EPC - Creating Second Career Labour Markets - Towards more Employment Opportunities for Older Workers

There must be reforms at every level to achieve the multitude of benefits gained from active ageing in the workplace. This is the key element debated in the final report of the European Policy Centre (EPC)-Bertelsmann Stiftung project entitled 'Creating Second Career Labour Markets - Towards more Employment Opportunities for Older Workers.'

Carried out in the framework of the European Year for Active Ageing and Solidarity between Generations 2012, the research project aims to stimulate debate on active ageing at work by identifying, analysing and comparing good practices among actors responsible at EU member-state level for creating job opportunities for older workers, including governments, social partners and companies.

By giving a detailed analysis of the many barriers that already exist to employment for older citizens, the authors of the final report give policy recommendations to advice on a positive transition forward. Their main arguments are based around the concentrated efforts required by all relevant stakeholders and the dismissal of the popular notion that it is a positive policy to push older workers out of labour to free up jobs for a younger generation.

IFA - The High Cost of Low Vision: The Evidence on Ageing and the Loss of Sight

A report released by the International Federation on Ageing (IFA) calls for increased public education and awareness programmes, improved public policies and greater integration of preventive eye health interventions into public health systems.

The report emphasizes that measures to prevent vision loss are cost-effective and calls for urgent attention in key areas:

  • Integrating visual screening and other preventive eye-health interventions into public health practices for adults of all ages;
  • Creating education and awareness programs that include vision-loss prevention, detection, and treatment regimens;
  • Reimbursing both treatments and preventive eye health interventions to ensure positive impact on system-wide costs and support for future innovation;
  • Developing and utilizing tele-health mechanisms to provide greater access to screening and treatment regardless of geographical location;
  • Advocating for vision loss to become widely recognized as a preventable health condition; and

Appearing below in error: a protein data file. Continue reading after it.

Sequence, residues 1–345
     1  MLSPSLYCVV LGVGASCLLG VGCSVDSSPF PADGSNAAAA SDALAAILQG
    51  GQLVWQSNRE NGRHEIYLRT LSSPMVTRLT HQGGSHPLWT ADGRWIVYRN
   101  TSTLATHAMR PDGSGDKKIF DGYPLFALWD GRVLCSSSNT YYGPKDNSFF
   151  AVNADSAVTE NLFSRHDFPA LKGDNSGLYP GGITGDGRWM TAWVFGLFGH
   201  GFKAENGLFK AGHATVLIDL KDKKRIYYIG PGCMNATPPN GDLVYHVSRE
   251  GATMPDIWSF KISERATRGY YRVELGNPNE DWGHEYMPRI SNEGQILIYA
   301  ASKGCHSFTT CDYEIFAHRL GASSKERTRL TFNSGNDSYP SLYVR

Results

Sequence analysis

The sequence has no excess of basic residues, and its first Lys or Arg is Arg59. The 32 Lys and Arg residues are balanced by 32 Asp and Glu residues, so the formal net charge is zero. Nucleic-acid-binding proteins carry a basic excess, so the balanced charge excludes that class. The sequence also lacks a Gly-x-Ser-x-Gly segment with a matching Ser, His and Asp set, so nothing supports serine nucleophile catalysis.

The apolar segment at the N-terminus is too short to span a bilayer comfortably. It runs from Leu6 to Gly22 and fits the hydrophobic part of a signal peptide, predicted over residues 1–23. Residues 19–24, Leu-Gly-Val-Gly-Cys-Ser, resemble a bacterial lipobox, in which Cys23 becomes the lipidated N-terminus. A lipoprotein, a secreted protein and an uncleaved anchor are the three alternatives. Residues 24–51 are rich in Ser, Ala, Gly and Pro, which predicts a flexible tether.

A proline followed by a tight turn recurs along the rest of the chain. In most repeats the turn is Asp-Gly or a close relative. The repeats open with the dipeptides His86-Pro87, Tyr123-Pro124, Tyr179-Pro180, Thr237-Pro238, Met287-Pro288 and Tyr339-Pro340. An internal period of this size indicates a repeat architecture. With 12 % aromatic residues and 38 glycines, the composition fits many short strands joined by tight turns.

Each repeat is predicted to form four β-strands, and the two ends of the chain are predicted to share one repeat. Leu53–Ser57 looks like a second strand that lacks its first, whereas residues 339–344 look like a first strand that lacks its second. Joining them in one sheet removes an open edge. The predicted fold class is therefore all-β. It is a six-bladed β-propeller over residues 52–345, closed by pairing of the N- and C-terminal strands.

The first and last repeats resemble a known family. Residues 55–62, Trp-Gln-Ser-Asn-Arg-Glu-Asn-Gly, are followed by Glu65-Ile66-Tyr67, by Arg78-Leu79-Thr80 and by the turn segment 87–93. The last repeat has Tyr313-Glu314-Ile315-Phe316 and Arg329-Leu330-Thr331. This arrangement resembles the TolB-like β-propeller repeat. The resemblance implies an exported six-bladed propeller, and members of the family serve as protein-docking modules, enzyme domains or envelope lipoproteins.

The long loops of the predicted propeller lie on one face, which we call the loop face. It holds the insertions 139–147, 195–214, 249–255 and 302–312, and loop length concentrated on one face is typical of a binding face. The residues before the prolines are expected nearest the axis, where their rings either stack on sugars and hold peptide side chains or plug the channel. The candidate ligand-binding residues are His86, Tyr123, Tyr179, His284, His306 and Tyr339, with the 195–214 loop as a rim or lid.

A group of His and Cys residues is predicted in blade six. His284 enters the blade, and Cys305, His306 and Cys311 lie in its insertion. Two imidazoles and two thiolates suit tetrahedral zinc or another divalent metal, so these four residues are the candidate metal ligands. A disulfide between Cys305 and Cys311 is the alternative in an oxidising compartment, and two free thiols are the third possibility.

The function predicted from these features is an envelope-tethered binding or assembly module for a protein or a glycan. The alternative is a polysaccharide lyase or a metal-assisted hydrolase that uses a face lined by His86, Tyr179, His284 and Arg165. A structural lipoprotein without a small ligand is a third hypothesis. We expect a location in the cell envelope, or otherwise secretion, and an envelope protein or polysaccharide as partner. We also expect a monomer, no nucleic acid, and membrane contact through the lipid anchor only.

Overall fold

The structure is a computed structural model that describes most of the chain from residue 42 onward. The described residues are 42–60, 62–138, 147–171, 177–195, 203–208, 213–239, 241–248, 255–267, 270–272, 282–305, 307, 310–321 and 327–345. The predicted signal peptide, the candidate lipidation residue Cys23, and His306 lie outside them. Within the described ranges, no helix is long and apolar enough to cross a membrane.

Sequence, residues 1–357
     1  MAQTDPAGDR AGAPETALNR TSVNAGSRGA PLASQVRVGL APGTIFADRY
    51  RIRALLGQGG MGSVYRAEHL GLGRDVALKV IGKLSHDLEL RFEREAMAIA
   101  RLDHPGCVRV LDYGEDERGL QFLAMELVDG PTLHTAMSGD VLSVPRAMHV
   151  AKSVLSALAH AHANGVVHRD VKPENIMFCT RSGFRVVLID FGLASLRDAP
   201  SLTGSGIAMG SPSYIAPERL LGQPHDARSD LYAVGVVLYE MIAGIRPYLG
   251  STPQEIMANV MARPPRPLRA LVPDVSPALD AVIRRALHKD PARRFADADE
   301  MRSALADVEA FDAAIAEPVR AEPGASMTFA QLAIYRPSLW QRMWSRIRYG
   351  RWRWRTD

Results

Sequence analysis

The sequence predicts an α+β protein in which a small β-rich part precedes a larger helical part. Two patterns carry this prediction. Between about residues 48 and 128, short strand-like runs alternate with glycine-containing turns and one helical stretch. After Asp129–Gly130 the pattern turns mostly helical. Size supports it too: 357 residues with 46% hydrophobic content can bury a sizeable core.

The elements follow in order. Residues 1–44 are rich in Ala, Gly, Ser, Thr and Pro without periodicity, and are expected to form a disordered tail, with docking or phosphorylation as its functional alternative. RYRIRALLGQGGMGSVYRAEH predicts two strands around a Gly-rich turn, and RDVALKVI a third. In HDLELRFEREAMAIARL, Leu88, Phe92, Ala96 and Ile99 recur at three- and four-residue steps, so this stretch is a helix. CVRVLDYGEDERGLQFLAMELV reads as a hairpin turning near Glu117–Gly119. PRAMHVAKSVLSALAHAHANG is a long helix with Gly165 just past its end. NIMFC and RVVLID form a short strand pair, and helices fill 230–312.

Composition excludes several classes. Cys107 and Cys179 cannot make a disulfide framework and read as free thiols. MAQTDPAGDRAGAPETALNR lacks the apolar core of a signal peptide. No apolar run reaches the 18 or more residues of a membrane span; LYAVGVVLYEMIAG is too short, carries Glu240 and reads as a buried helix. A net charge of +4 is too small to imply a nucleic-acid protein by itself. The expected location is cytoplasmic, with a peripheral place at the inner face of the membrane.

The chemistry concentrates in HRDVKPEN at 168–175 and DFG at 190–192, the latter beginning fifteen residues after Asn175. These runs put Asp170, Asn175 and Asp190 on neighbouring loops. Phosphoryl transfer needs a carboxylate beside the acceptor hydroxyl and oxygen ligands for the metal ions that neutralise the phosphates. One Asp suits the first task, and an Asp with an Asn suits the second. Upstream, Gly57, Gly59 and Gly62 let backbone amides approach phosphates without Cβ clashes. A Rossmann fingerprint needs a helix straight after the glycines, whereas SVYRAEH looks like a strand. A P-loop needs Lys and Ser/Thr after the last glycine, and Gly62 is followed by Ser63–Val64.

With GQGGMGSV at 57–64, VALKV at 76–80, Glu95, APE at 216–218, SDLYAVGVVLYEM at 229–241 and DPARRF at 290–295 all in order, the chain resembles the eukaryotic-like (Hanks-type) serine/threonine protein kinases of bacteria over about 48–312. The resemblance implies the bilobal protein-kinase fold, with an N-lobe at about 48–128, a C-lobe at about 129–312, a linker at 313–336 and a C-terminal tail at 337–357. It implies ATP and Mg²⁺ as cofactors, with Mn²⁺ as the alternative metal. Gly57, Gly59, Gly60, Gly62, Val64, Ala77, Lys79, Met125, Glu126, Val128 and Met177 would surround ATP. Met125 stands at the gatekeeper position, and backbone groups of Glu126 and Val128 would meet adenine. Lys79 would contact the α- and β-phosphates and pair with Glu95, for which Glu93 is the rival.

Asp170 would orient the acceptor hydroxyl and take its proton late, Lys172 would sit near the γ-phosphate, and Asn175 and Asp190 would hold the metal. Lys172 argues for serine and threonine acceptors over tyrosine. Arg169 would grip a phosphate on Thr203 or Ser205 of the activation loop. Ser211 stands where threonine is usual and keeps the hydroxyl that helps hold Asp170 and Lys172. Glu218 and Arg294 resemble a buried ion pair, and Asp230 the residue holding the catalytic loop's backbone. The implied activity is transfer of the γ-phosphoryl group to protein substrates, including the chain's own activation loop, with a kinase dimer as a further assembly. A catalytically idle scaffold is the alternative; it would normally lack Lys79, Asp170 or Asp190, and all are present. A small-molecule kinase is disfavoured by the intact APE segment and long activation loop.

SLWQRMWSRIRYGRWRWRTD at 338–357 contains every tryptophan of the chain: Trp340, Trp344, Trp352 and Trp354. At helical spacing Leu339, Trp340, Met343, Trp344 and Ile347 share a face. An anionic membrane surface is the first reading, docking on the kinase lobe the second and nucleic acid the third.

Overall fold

• Conducting more research on the outcomes and efficacy of preventive eye health.
European Commission publishes the brochure 'Active and Healthy Ageing - For you & with you'

'Active and Healthy Ageing - For you & with you' is a new brochure published by the European Commission to highlight the challenges and opportunities of today and tomorrow related to demographic ageing in Europe.

Prepared by the Directorate-General Communication Networks, Content & Technology, within the Digital Agenda for Europe strategy, the brochure presents a selection of EU-funded IT solutions developed to improve the health and quality of live of seniors.

The publication also calls society to be active & proactive towards change and innovation and support healthy ageing smart innovation with ICT technology. 'We are already on the right track by being aware of the ageing challenge and by realizing that change is needed. Technology helps only when we commit to using it', it stresses.

"Long Lasting Memories", "Rosetta", "CommonWell", "CompanionAble", "Dreaming" and "Wiisel" are the solutions presented in the six-page document presented in January 2013.

The Council of the European Union adopts the Guiding Principles for Active Ageing and Solidarity between Generations

The Council of the European Union adopted on 6th December the Guiding Principles for Active Ageing and Solidarity between Generations, which should serve as a checklist for national authorities and other stakeholders on what needs to be done to promote active ageing beyond the European Year 2012.

Each of the 19 Guiding Principles, jointly agreed by the Social Protection and the Employment Committees, relate to one of the three dimensions of active ageing promoted during the European Year: employment, social participation and independent living.

The Guiding Principles, which are annexed to the Council declaration on the European Year 2012 (17468/12), are not prescriptive. It is a task of national governments, regions, cities, companies, trade unions, civil society organisations and others to make use of them according to their specific situation and challenges. The European Council invited Member States to make healthy ageing across lifecycle one of their priorities, with a social and equity approach. The promotion of strategies aiming at combating risks factors, such as tobacco use, alcohol related harm, illicit drugs, unhealthy diet and lack of physical activity as well as environmental factors are essential.

To access the Council conclusions, click here. To access the Council declaration including the 19 Guiding Principles, click below.